Spotlight on Labyrinthine infarction

In this article, Dr. Douglas Lanska of the Great Lakes VA Healthcare System and the University of Wisconsin School of Medicine and Public Health explains the clinical presentation, pathophysiology, prevention, diagnostic work-up, and management of labyrinthine infarction.

Although a variety of conditions can cause labyrinthine ischemia, labyrinthine infarction most commonly occurs in the setting of thromboembolic disease of the anterior inferior cerebellar artery or the basilar artery, and almost all of these cases present with acute prolonged vertigo and vestibular dysfunction of peripheral, central, or combined origin. Unlike labyrinthine dysfunction from a viral cause, the most common pattern of dysfunction with labyrinthine infarction includes a combined loss of auditory and vestibular function. Canal paresis associated with posterior circulation ischemic stroke, usually within the territory of the anterior inferior cerebellar artery, typically normalizes within 5 years.

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Spotlight on Pregnancy and epilepsy

Approximately 20,000 to 25,000 children are born in the United States each year to mothers with epilepsy, and between 0.3% and 0.5% of all pregnancies occur among women with epilepsy. Most of these women need to continue taking medication during pregnancy because uncontrolled convulsive seizures may be harmful to the women as well as to their fetuses. The challenge to physicians is to prescribe a treatment that is effective in controlling seizures but has minimal associated risks.

Overall, 95% of women with epilepsy have uncomplicated pregnancies and deliver normal babies. This rate can be significantly improved with proper management; any serious harm to the baby or mother, particularly if it is avoidable, is too much for the family that is affected. The highest risks for major congenital malformations and adverse cognitive outcomes are associated with polytherapy (mainly combination of valproate and lamotrigine). With monotherapy, the highest risk is found with valproate followed by topiramate. In utero exposure to monotherapy with lamotrigine, carbamazepine, and levetiracetam have a low risk of major congenital malformations, near 2.5%. Furthermore, the concentration of antiepileptic drugs may change significantly during pregnancy and the puerperium, resulting in an increase in seizures (mainly with lamotrigine and oxcarbazepine) or toxicity. Women should be made fully aware of all aspects of antiepileptic drug treatment and be able to make informed decisions.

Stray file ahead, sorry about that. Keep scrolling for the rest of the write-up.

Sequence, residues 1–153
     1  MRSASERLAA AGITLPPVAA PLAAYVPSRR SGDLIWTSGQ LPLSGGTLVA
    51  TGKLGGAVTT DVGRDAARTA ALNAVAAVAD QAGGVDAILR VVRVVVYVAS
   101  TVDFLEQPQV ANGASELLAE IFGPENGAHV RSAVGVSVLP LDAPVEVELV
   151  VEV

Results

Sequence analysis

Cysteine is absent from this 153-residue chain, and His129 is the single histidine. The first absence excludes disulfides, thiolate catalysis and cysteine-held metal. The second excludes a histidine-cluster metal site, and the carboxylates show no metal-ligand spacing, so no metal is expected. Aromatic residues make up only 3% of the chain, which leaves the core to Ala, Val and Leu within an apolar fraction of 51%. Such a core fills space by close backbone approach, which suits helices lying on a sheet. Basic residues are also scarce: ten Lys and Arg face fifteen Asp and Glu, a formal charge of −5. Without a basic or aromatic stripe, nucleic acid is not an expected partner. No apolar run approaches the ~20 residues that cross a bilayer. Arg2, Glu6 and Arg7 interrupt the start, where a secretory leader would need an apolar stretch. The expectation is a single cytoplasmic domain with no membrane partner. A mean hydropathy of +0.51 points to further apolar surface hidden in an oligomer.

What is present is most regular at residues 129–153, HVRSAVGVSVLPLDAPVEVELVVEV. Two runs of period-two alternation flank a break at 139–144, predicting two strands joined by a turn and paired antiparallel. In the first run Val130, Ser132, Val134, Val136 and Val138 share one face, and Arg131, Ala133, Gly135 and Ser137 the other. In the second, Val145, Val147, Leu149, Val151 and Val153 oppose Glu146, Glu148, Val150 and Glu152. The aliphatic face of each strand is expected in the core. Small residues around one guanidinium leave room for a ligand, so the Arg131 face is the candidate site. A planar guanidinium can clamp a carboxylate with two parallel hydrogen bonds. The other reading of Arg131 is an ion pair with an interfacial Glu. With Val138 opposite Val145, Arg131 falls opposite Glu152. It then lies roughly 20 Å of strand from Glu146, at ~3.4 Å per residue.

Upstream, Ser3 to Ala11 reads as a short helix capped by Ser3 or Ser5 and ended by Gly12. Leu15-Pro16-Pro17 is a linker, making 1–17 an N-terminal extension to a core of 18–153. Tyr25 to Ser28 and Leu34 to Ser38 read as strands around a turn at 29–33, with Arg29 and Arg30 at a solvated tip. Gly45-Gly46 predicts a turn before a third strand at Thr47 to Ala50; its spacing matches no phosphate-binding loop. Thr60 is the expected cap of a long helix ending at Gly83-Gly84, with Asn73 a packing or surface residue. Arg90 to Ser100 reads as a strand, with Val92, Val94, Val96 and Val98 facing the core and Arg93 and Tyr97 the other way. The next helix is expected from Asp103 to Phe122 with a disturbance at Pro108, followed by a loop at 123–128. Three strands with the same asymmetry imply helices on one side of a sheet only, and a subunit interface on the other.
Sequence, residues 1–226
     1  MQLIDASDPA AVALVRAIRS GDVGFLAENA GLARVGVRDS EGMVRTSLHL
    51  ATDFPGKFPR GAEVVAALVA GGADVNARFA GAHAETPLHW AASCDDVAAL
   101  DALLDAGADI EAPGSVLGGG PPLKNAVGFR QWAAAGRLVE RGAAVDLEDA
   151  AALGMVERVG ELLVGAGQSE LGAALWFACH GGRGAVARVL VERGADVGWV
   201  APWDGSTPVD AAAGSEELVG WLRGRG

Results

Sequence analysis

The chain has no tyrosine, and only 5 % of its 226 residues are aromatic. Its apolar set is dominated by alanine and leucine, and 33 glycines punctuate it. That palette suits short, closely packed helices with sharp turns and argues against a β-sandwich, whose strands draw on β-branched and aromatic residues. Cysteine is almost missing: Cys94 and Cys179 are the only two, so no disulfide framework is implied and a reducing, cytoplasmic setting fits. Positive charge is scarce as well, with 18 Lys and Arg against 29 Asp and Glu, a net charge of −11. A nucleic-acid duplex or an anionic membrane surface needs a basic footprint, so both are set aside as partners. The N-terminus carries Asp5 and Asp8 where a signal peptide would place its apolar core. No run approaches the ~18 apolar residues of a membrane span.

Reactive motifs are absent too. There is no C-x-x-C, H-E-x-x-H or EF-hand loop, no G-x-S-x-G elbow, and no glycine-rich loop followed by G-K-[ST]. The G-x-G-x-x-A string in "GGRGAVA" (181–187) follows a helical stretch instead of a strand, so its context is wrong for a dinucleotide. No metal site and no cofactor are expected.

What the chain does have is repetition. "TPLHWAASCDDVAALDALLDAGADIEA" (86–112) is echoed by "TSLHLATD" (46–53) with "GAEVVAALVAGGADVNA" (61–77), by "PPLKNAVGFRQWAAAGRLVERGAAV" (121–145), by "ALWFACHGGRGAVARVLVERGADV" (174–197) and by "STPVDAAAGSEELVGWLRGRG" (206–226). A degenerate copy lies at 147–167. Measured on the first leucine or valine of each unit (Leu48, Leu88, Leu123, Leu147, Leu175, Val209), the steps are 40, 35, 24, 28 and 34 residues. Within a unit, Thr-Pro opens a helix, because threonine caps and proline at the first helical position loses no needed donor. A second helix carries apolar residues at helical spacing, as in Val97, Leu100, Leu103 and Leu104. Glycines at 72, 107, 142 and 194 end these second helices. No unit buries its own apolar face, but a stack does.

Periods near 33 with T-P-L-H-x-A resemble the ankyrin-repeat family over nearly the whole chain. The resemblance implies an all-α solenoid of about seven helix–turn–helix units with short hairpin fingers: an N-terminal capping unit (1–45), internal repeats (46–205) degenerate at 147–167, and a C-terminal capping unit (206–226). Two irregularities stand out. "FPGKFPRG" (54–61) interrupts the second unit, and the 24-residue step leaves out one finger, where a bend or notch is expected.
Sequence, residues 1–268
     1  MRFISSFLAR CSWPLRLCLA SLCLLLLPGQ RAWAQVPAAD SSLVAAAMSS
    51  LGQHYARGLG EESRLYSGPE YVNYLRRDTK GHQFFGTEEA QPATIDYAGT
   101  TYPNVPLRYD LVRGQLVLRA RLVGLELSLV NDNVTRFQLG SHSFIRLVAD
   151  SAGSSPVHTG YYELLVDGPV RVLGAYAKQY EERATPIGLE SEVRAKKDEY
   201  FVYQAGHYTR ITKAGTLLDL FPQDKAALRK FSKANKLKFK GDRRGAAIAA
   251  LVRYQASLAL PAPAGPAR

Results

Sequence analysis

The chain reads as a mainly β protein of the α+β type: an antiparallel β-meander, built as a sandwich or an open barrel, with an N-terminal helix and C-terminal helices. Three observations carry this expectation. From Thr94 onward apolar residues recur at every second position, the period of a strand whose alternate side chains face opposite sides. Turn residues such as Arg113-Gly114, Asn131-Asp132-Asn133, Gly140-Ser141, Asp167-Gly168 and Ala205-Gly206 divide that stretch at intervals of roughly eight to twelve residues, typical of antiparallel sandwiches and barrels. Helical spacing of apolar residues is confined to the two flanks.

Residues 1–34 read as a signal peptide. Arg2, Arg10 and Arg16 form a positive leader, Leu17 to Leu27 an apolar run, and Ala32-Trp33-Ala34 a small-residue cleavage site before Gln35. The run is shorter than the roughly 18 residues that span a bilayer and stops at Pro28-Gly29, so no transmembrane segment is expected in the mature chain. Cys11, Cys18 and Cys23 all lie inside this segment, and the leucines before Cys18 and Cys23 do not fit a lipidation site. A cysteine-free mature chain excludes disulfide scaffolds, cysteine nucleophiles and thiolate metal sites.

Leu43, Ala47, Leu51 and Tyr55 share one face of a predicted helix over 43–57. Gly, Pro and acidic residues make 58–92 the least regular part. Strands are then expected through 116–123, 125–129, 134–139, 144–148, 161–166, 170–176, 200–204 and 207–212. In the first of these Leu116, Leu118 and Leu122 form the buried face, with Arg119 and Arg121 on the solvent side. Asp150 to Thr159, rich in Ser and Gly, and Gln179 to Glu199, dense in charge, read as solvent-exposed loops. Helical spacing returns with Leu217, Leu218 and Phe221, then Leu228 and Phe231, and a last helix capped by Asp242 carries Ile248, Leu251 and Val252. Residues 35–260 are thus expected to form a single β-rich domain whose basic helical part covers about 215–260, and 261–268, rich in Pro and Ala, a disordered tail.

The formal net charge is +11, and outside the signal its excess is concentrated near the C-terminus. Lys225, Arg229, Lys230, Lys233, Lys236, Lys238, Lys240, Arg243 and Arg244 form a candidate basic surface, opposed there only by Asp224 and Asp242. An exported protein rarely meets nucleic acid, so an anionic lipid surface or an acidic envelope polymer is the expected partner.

In this article, Dr. C P Panayiotopoulos of St. Thomas’ Hospital details the various issues that women with epilepsy face before, during, and after pregnancy.

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Spotlight on CLIPPERS

In this article, Dr. Morten Blaabjerg of Odense University and Dr. Daniel Kondziella of Copenhagen University Hospital discuss chronic lymphocytic inflammation with pontine perivascular enhancement responsive to steroids (CLIPPERS). CLIPPERS is an inflammatory condition of unknown etiology, primarily involving the brainstem and cerebellum. Symptoms of CLIPPERS include subacute onset of brainstem symptoms–most prominently, ataxia, diplopia, dysarthria, and altered facial sensation. The core radiological features are punctate or curvilinear perivascular gadolinium enhancement, typically in the pons and adjacent cerebellum. Neuropathological examination of affected areas reveals a perivascular lymphocytic inflammation with predominant CD4+ T cells. Clinical and radiological features respond to high-dose corticosteroid treatment, but continuous oral corticosteroid treatment and steroid-sparing agents are needed to prevent relapses and to reduce the risk for subsequent parenchymal atrophy and chronic ataxia. The differential diagnosis for CLIPPERS is broad, and a careful workup is needed.